Daily Readings Reflection for 10/21/10


Reflection on Today’s Daily Readings by Fr. Bertrand Buby, SM

Today’s Readings

Scripture: Lectionary 476. Ephesians 3:14-21. Psalm 33:1-2.4-5.11-12.18-19.
Luke 12:49-53.

Prayer, thanksgiving and praise to God, and Jesus’ desire are words that
summarize what the Scriptures for today’s liturgy offer us as food for our
journey with the Lord up to Jerusalem and into the kingdom. Paul opens up
the day’s reading with an awesome and reverent prayer that speaks for
itself. We need not analyze it nor consult exegetes; it is pure prayer and
only our faith is necessary when we find such a passage in the letters of
Paul or those attributed to him. We see that he addresses all three
persons of the Trinity and gives us two of the theological virtues that
relate to the Father, the Christ, and the Spirit. An Amen brings the
prayer to a conclusion and we see that prayer need not be long and drawn
out if we have a faith-filled heart and desire to pray as Paul does. Prayer
is like our breathing. We often pray without realizing it, but when we
pray as Paul does we are enlightened, warmed, and consoled. This prayer is
similar to the famous chapter on praying in the Spirit that is found in
chapter eight of Romans. The two are similar in spirit and zealous
devotion to God. Rereading this several times this day will help us
surmount any difficulties we are facing in a spirit of trust in God’s
providential and benificent love for us. We need, from time to time, to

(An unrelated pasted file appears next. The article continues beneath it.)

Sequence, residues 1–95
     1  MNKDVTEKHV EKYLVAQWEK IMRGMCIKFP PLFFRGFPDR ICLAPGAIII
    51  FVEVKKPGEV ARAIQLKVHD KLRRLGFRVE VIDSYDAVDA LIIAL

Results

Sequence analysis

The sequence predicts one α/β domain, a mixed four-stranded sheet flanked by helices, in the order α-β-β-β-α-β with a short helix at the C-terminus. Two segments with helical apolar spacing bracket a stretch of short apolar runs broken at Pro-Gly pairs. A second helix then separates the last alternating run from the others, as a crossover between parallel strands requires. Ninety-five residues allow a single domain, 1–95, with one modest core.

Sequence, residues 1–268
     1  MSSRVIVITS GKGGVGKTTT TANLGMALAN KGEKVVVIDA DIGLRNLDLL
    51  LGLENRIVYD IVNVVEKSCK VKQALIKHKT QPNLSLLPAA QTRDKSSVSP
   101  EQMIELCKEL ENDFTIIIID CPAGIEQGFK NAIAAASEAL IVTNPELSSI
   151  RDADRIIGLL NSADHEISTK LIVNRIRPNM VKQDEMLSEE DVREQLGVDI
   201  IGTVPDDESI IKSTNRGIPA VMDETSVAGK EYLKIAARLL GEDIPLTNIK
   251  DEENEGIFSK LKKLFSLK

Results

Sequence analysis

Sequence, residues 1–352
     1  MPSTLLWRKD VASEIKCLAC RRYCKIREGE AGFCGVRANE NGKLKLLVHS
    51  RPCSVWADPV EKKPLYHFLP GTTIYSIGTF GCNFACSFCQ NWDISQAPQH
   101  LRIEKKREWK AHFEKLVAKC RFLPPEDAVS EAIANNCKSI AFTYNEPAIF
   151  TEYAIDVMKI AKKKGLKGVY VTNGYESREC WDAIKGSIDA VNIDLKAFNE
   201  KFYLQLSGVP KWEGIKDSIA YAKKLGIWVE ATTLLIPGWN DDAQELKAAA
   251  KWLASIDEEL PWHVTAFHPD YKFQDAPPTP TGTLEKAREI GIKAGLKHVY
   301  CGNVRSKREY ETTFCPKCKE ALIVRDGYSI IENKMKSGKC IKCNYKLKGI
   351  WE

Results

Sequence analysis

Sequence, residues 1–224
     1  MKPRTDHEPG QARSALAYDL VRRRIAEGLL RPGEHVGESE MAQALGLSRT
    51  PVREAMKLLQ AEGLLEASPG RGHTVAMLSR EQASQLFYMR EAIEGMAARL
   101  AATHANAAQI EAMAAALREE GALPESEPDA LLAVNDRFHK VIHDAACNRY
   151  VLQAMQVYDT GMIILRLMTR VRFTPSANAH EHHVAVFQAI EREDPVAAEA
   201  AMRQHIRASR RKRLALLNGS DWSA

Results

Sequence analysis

give our minds a rest and just let the prayer flow as Paul does.

Psalm 33 is also a great psalm of praise and thanksgiving. It is positive
and confident while expressing absolute trust in God who is Lord of
salvation history. This psalm is a new song sung in the Temple in
Jerusalem on Mount Zion. It gives to us who join in praying or singing it
(praying twice!) a real sense of belonging to God’s people. The goodness of
God exudes from it. Bonum diffusivum sibi. The good flows out of its

Desire is the fire in Jesus’ heart as he thinks of his impossible mission
of dying on a cross to give us salvific love and everlasting happiness.
His purpose burns within him for it is doing the will of the Father who
sent him and to whom he will return. Nothing can stop him and he will
disturb the false peace of those who think they control the world. The
fire and desire springs from the love of the Father and the Son with the
Holy Spirit being that bond of Personal Love. Bonum diffusivum sibi. These
Latin words come from Saint Thomas Aquinas in his Summa Theologica
( literally the “Good diffuses itself.”). Amen.


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